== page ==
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Tabletop laser-like device can create multicolor beams (Image 5)

The intensity profile of a coherent (laser-like) X-ray beam


The intensity profile of a coherent (laser-like) X-ray beam. In contrast to the incoherent (light-bulb-like) light emitted in all directions from a Roentgen X-ray tube, the X-rays produced by high harmonic generation are well directed and have low divergence. [Image 5 of 5 related images. Back to Image 1.]

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For the first time, researchers have produced a coherent, laser-like, directed beam of light that simultaneously streams ultraviolet light, X-rays and all wavelengths in between. One of the few light sources to successfully produce a coherent beam that includes X-rays, the technology is the first to do so using a setup that fits on a laboratory table.

An international team of researchers, led by engineers from the National Science Foundation's (NSF) Engineering Research Center (ERC) for EUV Science and Technology, reported their findings in the June 8, 2012, issue of Science.

By focusing intense pulses of infrared light--each just a few optical cycles in duration--into a high-pressure gas cell, the researchers converted part of the original laser energy into a coherent super-continuum of light that extends well into the X-ray region of the spectrum.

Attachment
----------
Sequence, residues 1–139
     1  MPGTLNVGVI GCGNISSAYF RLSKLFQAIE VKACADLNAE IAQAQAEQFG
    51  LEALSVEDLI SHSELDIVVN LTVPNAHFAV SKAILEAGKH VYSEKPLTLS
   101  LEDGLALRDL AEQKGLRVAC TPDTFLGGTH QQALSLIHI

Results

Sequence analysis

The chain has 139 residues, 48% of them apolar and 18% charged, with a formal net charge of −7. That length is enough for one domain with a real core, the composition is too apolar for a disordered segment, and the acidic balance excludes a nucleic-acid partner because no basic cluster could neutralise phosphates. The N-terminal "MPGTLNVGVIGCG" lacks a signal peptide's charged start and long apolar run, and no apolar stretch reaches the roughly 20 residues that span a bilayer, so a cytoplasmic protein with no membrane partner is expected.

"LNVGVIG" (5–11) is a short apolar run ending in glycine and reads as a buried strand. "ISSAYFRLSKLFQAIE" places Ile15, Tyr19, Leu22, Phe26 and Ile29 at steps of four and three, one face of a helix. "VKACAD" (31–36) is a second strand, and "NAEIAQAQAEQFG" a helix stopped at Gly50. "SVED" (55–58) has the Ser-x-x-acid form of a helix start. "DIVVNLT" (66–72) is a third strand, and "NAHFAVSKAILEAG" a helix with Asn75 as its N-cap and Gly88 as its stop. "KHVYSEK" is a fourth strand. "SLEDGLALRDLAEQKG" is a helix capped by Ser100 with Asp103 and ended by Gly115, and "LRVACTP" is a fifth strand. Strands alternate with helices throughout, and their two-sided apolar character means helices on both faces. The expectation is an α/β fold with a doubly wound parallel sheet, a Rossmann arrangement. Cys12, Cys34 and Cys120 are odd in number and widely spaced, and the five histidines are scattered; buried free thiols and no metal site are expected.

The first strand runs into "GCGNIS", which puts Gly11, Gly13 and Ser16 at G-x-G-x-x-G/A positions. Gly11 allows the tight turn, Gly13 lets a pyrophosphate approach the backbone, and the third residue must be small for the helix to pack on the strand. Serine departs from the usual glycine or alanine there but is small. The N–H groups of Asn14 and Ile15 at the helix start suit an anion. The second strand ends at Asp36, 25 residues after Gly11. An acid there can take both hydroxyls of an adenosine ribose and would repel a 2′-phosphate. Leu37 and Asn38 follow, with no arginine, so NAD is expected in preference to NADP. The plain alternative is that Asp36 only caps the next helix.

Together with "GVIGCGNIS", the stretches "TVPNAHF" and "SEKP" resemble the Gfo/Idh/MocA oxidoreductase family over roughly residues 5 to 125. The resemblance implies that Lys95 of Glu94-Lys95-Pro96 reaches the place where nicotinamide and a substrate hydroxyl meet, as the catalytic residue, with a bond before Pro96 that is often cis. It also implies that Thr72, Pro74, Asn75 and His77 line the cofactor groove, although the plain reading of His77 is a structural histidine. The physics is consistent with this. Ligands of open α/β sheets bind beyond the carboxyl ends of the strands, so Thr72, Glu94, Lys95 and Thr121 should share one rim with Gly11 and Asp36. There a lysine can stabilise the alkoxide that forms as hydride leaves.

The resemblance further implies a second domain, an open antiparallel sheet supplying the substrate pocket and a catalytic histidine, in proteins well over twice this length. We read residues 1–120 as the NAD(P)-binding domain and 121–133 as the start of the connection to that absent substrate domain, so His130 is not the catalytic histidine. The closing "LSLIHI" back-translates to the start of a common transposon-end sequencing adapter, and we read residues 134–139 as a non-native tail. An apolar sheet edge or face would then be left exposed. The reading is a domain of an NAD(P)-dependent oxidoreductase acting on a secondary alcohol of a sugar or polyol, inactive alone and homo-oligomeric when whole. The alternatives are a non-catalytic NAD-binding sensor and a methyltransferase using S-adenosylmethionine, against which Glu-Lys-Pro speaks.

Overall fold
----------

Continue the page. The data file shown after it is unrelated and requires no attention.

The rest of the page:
The X-ray burst that emerges has much shorter wavelengths than the original laser pulse, which will make it possible to follow the tiniest, fastest physical processes in nature, including the coupled dance of electrons and ions in molecules as they undergo chemical reactions, or the flow of charges and spins in materials.

"This is the broadest spectral, coherent-light source ever generated," says engineering and physics professor Henry Kapteyn of JILA at the University of Colorado at Boulder, who led the study with fellow JILA professor Margaret Murnane and research scientist Tenio Popmintchev, in collaboration with researchers from the Vienna University of Technology, Cornell University and the University of Salamanca.

[Research supported by NSF grant EEC 03-10717.]

To learn more about this research, see the NSF News From the Field story All the colors of a high-energy rainbow, in a tightly focused beam. (Date image taken: 2011; date originally posted to NSF Multimedia Gallery: Feb. 22, 2017)

Credit: Tenio Popmintchev, JILA and University of Colorado Boulder

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